I have mentioned a few specific apps for creating online dashboards, including Tableau, QLik, and Shiny. All the other online dashboards in this post used R from within Displayr (you can even just use Displayr to see the underlying R code for each online dashboard). To explore or replicate the Displayr dashboards, just follow the links below for Edit mode for each respective dashboard, and then click on each of the visual elements.

Microsoft KPI

Overview: A one-page dashboard showing stock price and Google Trends data for Microsoft.
Interesting features: Automatically updated every 24 hours, pulling in data from Yahoo Finance and Google Trends.
Edit mode: Click here to see the underlying document.
View modeClick here to see the dashboard.

Europe and Immigration

Overview: Attitudes of Europeans to Immigration
Interesting features: Based on 213,308 survey responses collected over 13 years. Custom navigation via images and hyperlinks.
Edit mode: Click here to see the underlying document.
View mode: Click here to see the online dashboard.


Supermarket Brand Health

Overview: Usage and attitudes towards supermarkets
Interesting features: Uses a control (combo box) to update the calculations for the chosen supermarket brand.
Edit mode: Click here to see the underlying document.
View mode: Click here to see the online dashboard.

Supermarket Department NPS

Overview: Performance by department of supermarkets.
Interesting features: Color-coding of circles based on underlying data (they change when the data is filtered using the Filters menu in the top right). Custom navigation, whereby the user clicks on the circle for a department and gets more information about that department.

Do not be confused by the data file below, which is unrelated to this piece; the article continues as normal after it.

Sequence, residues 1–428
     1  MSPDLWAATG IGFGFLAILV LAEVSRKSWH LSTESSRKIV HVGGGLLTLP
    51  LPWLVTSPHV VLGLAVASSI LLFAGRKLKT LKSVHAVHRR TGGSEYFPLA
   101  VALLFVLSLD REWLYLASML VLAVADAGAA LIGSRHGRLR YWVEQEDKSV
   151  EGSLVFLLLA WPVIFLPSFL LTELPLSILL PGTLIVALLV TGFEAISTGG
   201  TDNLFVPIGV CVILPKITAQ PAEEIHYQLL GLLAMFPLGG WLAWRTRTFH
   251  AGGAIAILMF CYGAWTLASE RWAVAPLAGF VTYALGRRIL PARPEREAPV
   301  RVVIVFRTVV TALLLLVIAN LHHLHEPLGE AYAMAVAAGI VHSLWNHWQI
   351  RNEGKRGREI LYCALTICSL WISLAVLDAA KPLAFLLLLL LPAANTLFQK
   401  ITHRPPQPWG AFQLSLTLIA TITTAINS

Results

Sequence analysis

Edit mode: Click here to see the underlying document.
View mode: Click here to see the dashboard.


Blood Glucose Confection

Overview: Blood glucose measurements and food diary.
Interesting features: The fully automated underlying charts that integrate data from a wearable blood glucose implant and a food diary. See Layered Data Visualizations Using R, Plotly, and Displayr for more about this dashboard.
Edit mode: Click here to see the underlying document.
View mode: Click here to see the online dashboards.

Interactive infographic

Overview: An infographic that updates based on the viewer’s selection of country.
Interesting features: Based on an infographic created in Canva. The data is pasted in from a spreadsheet  (i.e., no hookup to a database).
Edit mode: Click here to see the dashboard.
View mode: Click here to see the underlying document.

Presidential MaxDiff

Overview: A story-style dashboard showing an analysis of what Americans desire in their Commander-in-Chief.
Interesting features: A revised data file can be used to automatically update the visualizations, text, and the underlying analysis (a MaxDiff model)(i.e., it is an automated report).

Edit mode: Click here to see the underlying document.

View mode: Click here to see the dashboard.


Create your own MaxDiff Design!

Choice Simulator

Overview: A decision-support system
Interesting features: The simulator is hooked up directly to an underlying latent class model. See How to Create an Online Choice Simulator for more about this dashboard.
Edit mode: Click here to see the dashboard.
View mode: Click here to see the underlying document.

About Tim Bock

Tim Bock is the founder of Displayr. Tim is a data scientist, who has consulted, published academic papers, and won awards, for problems/techniques as diverse as neural networks, mixture models, data fusion, market segmentation, IPO pricing, small sample research, and data visualization. He has conducted data science projects for numerous companies, including Pfizer, Coca Cola, ACNielsen, KFC, Weight Watchers, Unilever, and Nestle. He is also the founder of Q www.qresearchsoftware.com, a data science product designed for survey research, which is used by all the world’s seven largest market research consultancies. He studied econometrics, maths, and marketing, and has a University Medal and PhD from the University of New South Wales (Australia’s leading research university), where he was an adjunct member of staff for 15 years.

Create your own alternative to PowerPoint dashboard